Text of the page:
Review: Legoland Discovery Manchester
We went to Legoland Discovery Centre a couple of years ago and, while we thought it was okay, we weren’t that impressed and didn’t think it was value for money at all. We’d heard, however, that some attractions had been added so we were pleased to get the chance to go back and try it again.
You still enter the Legoland Discovery Centre through the shop, which I’m not wild about, but we didn’t have to queue for very long so our two boys – 8-year-old Harry and 3-year-old Joe – weren’t too tempted. From there you go to the holding bay (you can have your photo taken with a Lego Buzz Lightyear on the way in, but my two weren’t interested – where there’s a short animated film about Lego. Last time, Harry loved the film and would’ve happily stayed to watch the whole thing, this time we went straight through to the Lego Factory Tour.
This isn’t really a factory tour – it’s just someone showing the children how Lego bricks are made – but the children enjoyed it and at the end they got their own Discovery Centre piece of Lego, which they were pleased with.
From there, we went on the Kingdom Quest ride. Last time we queued for ages for this ride and I was incredibly annoyed at how rubbish it was. This time we didn’t queue for very long at all, but it was still rubbish. It’s like the Buzz Lightyear Laser Blast ride at Disneyland Paris – you trundle around shooting at ‘baddies’ with a laser – but unlike the Buzz ride, it’s slow, unconvincing, our lasers didn’t seem to work very well. It’s all really just a bit feeble.
We loved the Miniland model village again, with its little Lego versions of Blackpool (complete with tower, pier and big wheel); Manchester with another wheel, the Urbis Centre and Old Trafford; the Lake District and more. Every few minutes, the lights dimmed to show off the lights on the models and fireworks appeared on the walls.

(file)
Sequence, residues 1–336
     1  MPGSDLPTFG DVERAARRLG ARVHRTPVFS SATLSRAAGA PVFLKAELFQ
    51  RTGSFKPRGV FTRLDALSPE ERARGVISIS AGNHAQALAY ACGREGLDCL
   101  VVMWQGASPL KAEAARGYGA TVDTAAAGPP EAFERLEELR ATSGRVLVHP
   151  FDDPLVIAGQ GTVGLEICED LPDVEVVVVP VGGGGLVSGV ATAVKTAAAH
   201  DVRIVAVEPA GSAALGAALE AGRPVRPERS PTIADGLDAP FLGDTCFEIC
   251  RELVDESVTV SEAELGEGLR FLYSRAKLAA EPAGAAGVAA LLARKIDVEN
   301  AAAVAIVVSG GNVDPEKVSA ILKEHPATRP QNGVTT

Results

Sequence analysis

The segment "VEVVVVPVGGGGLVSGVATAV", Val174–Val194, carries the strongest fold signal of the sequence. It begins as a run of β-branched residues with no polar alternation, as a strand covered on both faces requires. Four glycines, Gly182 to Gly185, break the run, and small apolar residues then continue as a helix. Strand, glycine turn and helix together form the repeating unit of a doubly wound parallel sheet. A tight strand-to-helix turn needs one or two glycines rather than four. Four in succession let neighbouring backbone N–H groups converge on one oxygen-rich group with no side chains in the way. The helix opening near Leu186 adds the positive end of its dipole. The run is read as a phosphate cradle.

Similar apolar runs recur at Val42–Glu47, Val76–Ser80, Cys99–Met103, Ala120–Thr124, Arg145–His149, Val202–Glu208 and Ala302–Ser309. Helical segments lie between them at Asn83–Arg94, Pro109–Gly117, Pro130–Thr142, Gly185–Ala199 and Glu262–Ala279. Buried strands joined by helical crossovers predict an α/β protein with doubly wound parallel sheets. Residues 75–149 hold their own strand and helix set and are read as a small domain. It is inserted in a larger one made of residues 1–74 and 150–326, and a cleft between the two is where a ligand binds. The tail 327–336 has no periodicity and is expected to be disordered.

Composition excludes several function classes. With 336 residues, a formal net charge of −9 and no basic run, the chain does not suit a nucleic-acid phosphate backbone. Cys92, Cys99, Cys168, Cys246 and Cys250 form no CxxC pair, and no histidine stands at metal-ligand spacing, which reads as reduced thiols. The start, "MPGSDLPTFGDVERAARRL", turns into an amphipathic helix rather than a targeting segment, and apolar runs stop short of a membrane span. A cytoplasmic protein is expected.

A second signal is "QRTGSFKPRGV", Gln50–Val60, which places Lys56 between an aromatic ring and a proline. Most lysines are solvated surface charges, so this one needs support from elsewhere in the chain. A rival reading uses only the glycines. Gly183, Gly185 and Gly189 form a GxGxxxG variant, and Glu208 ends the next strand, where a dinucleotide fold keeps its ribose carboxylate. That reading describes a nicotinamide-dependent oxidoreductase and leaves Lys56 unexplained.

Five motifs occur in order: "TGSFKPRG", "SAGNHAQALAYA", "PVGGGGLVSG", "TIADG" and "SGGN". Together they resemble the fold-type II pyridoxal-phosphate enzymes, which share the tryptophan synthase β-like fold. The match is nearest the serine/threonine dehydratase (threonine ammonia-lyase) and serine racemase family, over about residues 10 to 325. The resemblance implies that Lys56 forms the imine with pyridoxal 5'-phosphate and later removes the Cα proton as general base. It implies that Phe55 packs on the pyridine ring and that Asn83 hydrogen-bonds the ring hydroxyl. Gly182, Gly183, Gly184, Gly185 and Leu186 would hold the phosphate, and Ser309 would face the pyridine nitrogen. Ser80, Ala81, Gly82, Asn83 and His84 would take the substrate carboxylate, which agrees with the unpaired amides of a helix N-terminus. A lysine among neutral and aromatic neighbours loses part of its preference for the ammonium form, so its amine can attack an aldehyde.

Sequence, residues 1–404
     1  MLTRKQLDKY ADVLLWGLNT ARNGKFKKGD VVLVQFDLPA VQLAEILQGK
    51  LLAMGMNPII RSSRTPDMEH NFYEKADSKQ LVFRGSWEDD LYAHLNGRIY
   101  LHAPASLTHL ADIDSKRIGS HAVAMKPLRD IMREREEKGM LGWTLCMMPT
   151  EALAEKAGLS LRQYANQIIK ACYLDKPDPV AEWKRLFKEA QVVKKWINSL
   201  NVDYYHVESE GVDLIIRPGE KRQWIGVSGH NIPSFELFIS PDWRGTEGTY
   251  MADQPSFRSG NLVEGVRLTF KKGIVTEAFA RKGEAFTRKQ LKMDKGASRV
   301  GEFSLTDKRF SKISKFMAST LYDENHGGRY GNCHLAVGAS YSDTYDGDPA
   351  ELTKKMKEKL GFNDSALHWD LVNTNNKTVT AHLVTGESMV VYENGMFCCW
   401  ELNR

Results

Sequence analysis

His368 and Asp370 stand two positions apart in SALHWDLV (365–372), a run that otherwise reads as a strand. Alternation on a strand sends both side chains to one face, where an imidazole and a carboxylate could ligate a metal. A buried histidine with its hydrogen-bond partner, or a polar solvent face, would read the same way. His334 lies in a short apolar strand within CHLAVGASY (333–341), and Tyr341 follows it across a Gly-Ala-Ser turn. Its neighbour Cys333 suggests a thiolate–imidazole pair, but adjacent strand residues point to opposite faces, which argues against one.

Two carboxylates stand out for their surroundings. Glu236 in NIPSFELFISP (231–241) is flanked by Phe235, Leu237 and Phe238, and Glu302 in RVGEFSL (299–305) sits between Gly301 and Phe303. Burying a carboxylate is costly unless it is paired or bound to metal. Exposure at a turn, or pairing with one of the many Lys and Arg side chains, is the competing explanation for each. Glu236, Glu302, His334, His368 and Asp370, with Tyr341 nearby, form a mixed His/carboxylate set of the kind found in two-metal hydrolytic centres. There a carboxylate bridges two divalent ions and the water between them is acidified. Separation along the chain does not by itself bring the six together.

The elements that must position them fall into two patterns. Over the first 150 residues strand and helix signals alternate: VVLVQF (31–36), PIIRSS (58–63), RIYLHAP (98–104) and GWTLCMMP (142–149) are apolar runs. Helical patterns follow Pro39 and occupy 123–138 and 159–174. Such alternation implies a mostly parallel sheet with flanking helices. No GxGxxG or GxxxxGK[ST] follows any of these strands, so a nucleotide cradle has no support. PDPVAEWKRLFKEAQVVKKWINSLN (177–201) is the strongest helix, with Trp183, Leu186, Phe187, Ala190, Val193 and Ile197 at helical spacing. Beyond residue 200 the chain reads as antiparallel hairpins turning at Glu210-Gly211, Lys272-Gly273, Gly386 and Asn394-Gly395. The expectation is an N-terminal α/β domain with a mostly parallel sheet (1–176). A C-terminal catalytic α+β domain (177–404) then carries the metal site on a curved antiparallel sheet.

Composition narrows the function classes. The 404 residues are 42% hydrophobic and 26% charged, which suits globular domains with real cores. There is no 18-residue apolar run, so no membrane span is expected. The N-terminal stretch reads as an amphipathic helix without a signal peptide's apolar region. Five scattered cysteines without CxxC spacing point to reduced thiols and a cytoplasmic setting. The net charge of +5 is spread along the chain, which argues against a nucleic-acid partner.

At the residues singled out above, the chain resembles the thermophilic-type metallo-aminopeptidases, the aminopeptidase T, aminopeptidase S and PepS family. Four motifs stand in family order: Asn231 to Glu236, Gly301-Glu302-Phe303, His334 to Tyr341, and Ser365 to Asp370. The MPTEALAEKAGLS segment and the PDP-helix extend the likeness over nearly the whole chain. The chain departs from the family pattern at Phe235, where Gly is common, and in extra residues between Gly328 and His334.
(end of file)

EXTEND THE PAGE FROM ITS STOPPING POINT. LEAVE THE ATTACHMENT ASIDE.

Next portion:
Once through Miniland, you’re into the main space, which is dominated by a soft play area and cafe. The cafe was really busy and there isn’t enough seating – as soon as we walked in, we remembered this from last time. We got some lunch and the boys ran off to fling themselves down slides and into ball pools, etc. Once they’d exhausted themselves, we had a go on the Merlin’s Apprentice ride, which we really enjoyed, and then we had a play of some Lego. Finally. I was disappointed to see the Lego Friends area – all pink and lavender – but my boys flung themselves straight in there and had a great time. They also loved the earthquake tables and the huge rubber Lego bricks. (I kept trying to build a huge rainbow, but Joe kept knocking it down. I got quite narked.) Harry had a go on the Forest Pursuit ride – driving cars around a set – and he seemed to enjoy it, but I think it was a bit young for him and it was too old for Joe, so we didn’t get the best out of it.
Our last stop was the 4D cinema, which the boys were so excited about they queued for about 15 minutes. We all absolutely loved it, even though Joe found the 4D so convincing that he screamed his head off more than once. For me, the 4D cinema was the highlight, definitely, but the boys liked the earthquake tables the best.
We all enjoyed it much more than last time and it has definitely improved – more rides, more variety – but, as we were leaving, David said, “It’s basically just a glorified soft play centre, isn’t it?” and I’d been thinking exactly the same thing. Which is fine as it goes, but possibly not for 60-odd quid for a family of four.